• Impacts to network measurement and monitoring when new security technologies are deployed
  • Security new network architectures, including software-based network infrastructure, IoT deployments
  • Security across hybrid networks, and new methods for solving security challenges during network migration
  • New techniques in applied cryptography
  • New methods for intelligent threat detection and mitigation (including distributed computation and trusted computing) across fixed, wireless, and mobile networks
  • Securing promising new network architectures, like NDN
  • Policy-aware network security
  • Security in workload mobility and distributions
  • Application awareness of network and data center security
  • Secure storage
  • Predicting and mitigating security vulnerabilities in software components and systems
  • Securing wired & wireless sensor networks

4.

Those are just a few examples of topics that interest us. We are, of course, also always interested in “the big questions,” and in pioneering ideas with the potential to drive material disruption in the industry. E.g.

  • Named Data Networking
  • When will IP run out of steam, and what will replace it?
  • Internet economic models & policy impact

Requests for Proposals

A submission neither creates nor implies any obligations on the part of Cisco, its affiliates, or partners, and Cisco's decision regarding your proposal is at the sole discretion of Cisco and are not subject to appeal.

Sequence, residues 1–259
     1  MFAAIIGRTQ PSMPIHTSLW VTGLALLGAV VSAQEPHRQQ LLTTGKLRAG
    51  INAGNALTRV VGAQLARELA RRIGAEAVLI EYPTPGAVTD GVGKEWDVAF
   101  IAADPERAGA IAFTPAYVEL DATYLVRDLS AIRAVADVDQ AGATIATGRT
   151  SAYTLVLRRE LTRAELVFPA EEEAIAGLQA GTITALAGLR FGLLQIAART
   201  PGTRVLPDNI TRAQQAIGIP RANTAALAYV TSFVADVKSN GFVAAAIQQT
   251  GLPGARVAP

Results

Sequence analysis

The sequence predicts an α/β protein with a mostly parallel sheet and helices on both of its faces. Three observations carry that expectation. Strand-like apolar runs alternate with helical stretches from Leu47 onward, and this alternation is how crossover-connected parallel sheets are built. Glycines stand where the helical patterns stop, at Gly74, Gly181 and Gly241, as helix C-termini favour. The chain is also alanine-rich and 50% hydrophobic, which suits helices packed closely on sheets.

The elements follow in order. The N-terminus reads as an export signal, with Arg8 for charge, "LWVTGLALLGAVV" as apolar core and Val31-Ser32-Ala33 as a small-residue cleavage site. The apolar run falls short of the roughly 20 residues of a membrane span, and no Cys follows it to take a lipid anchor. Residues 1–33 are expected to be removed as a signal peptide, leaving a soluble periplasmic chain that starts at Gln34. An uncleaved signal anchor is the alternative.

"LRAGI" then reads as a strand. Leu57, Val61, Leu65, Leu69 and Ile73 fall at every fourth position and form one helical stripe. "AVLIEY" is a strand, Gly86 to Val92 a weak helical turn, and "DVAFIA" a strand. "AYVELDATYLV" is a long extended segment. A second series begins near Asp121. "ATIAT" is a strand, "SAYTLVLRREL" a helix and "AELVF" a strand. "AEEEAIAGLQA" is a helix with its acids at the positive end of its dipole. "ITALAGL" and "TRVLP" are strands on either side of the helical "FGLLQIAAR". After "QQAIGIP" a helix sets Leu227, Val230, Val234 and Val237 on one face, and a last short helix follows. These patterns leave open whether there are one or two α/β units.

RFP Title Link
RFP_All Use this if your proposal doesn't fit cleanly into any of the topic areas below, or if it crosses multiple areas Apply
{{rfp.rfp_number}}  {{rfp.rfp_name}} {{rfp.rfp_name}} Apply

How to Submit a Proposal

Right now, we use the CyberGrants tool to gather data and track our sponsored engagements. Love it or hate it, if you are planning to apply for a grant or sponsorship, you will need to create a CyberGrants account. After you read through the posted RFPs above (all listed are active), please select one and click ‘Apply’ to populate the ‘Invitation Code’ field and start your application. There are NO deadlines and proposals are reviewed and funding decisions are made on a rolling basis. You will be asked for the following:

Title

Something descriptive, please

Abstract

A clear description of your ask, and the outcome you’d like to achieve (usually about 2-3 paragraphs)

Detailed Proposal

If this is a research or prototyping proposal, clearly describe the hypothesis, what exactly you would do, what resources you need (including money, time, and anything else), and how you will measure the outcomes (usually 2-3 pages for a prototype or early research idea; 5-10 pages for a detailed research proposal)

Cisco Sponsors

…If you have them … If not, just leave it blank. Please do not give us names of people who don’t know you… we check!

Keywords

Select as many as applicable, or add your own. This will help us search for things. Don’t worry, though … This is not like one of those online resume submission tools. We actually do read and respond to these things. All of them.

Budget Info

Budgets depend on the institution and geography, since costs vary. Research funds are to covers cost associated with:

  • Graduate or post graduate students employment
  • Limited release time (1-2 months) for PI
  • Research support costs (e.g., equipment, laptops, incidental costs)
  • Travel associated with research (e.g., conferences, standards)
  • Overhead for research gifts is limited to 5%